* the books are too short. They're literally half the size of a typical YA novel (way to drag out a series) and nearly every one ended on an abrupt cliffhanger. I kept clicking forward on my Kindle, thinking there was something glitchy going on with my e-reader, but it turns out the writing just...stopped. Annoying and unnecessary, since there is a way to both give closure to a volume and whet an appetite for the next novel without making your readers feel as if you've yanked the covers off them.
* the stories that did not relate directly to Morgan's narrative diluted the books. Some detail is enjoyable, but when so few characters really have anything to do at all (back to this later) and there is so much time spent re-hashing everyone's mundane dating details in every single book when it doesn't affect anything else, it gets really boring really fast. As such, I never really cared for the bit at the beginning of each chapter that was an "excerpt" from a journal entry or book on magick. The only time I felt it really added to the book were when you got a glimpse of what Hunter was feeling in towards the earlier part of the series. And yes, this means Alisa too--one of the least interesting secondary characters who shows up late and then suddenly got POV narrative and her own book. The more the series went on, the more time was spent with other characters, and the series was less strong as a result.
I did think narrating a book from Hunter's point of view was interesting, until his story went way far away from Morgan's. This might've been okay if the book had been longer and their relationship more fleshed out after he returns AND....
**SPOILER ALERT for the rest of this review*
* ....if he didn't freaking cheat on her while he's gone. (for just two weeks! in Canada!) This was such a slap in the face after everything that happened with Cal and drawing out their will they-won't they relationship for more than 10 books. I don't understand why this was put in at all, because there is nearly no time devoted to resolving how Morgan would really feel about this happening afterwards. There are literally maybe 5 short paragraphs contained over two books to deal with this, which is completely unrealistic for any girl, no matter what else was going on. And for someone like Morgan, who was already betrayed by his brother? Completely impossible that she would have gotten over it so quickly.
* By the time I finished Book 13, I was so ready for Morgan and Hunter to get things resolved already. Since I was already pretty much skimming through anything that wasn't Morgan or Hunter's narrative, I skipped Book 14 entirely and then I read about the HUGE thing that happens in the beginning of Book 15. After reading the sample chapter (read it, read it, it's linked on Amazon), I couldn't believe an author would invest so much of her readers' time and emotion only to kill off a main character like that for no apparent reason. I felt so angry and so cheated, and I swore I would never read anything by this author again. It was only after I read the spoiler-y reviews on Good Reads that I decided to read the rest of the book--and even after things were resolved, I still have very mixed emotions about the whole thing.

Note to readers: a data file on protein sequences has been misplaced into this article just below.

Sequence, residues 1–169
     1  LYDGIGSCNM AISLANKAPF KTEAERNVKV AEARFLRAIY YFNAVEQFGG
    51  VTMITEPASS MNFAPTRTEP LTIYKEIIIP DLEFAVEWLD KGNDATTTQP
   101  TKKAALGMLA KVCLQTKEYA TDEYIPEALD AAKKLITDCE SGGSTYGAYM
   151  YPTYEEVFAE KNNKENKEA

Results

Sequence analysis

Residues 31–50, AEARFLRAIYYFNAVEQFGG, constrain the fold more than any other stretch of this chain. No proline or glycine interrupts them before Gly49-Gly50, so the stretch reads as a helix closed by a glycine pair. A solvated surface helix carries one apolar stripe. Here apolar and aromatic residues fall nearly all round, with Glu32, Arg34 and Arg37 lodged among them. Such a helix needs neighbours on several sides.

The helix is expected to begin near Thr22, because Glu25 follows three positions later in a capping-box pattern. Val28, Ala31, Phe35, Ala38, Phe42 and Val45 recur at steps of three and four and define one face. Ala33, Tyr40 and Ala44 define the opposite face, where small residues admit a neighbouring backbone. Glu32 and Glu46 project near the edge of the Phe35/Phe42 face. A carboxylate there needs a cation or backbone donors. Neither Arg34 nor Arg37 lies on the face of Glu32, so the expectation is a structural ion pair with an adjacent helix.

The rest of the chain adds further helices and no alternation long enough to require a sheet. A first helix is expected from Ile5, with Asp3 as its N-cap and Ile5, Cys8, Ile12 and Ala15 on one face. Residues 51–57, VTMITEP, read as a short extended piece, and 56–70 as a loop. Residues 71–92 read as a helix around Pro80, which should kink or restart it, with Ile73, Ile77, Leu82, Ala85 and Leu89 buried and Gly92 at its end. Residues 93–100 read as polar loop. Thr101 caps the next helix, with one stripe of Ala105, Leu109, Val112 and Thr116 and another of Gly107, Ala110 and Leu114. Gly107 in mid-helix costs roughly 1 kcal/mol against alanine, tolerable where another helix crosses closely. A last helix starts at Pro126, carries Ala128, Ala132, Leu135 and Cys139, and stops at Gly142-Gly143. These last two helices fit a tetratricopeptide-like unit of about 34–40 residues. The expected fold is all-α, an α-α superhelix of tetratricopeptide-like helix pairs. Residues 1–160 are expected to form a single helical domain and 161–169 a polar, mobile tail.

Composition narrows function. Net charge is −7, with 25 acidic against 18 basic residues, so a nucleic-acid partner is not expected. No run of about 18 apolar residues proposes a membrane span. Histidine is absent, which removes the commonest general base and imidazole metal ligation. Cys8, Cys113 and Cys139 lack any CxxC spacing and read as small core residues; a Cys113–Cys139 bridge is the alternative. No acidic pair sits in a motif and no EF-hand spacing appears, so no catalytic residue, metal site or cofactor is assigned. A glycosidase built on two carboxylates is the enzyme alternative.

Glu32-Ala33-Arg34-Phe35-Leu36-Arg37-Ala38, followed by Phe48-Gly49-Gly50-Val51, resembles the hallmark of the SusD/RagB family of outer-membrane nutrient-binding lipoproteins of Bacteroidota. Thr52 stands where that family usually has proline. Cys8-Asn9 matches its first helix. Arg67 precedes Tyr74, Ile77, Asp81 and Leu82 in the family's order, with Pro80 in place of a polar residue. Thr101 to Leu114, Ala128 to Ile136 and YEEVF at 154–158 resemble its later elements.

You barely spend any time with Morgan and Hunter in the beginning before things end (literally, maybe 15 pages in) and the whole thing just goes off-kilter from there. Morgan doesn't learn anything from Hunter's death and we have no time at all to mourn him ourselves until all the sudden she's married, had a child, and had her husband die on her. Everyone whose lives you heard so much about in the series is also pretty much dumped here, with just a couple mentions of what happened to Bree and Mary K. This is because they don't matter in the big scheme of things, and apparently they never did.
Like many of the other readers here, I was fine with Moira but I really could have done without her and mostly just skimmed the book impatiently until Hunter shows up again. And while I'm happy they got a happy ending, I still feel drained and sad and upset over the whole thing. Poor Hunter is hugely diminished in this book, and you never really get a sense of how awful his island imprisonment was. You also don't get much emotional satisfaction once he comes back--so little time is spent on his homecoming and recovery, and as another reader pointed out, is he really going to stay in the guest bedroom once he (soul mate and father) comes home? There is no anguish, no comforting, no healing, no real emotional truth or connection. It all just felt completely unrealistic and sad.
I've never been so disappointed in a series that I liked. Because of the way everything was dragged on and on (these would have been better condensed into maybe 5 - 6 books, with a lot of things edited out) and because of the huge emotional battering that did NOT make me feel fulfilled and happy at the end, I would not recommend this series to anyone. I started out giving this series a 3 out of 5 stars, but as I wrote this review I realized a more accurate rating would be a 2. Because no matter how much I enjoyed some of the books, the others were not worth the time and money and emotional investment. (less)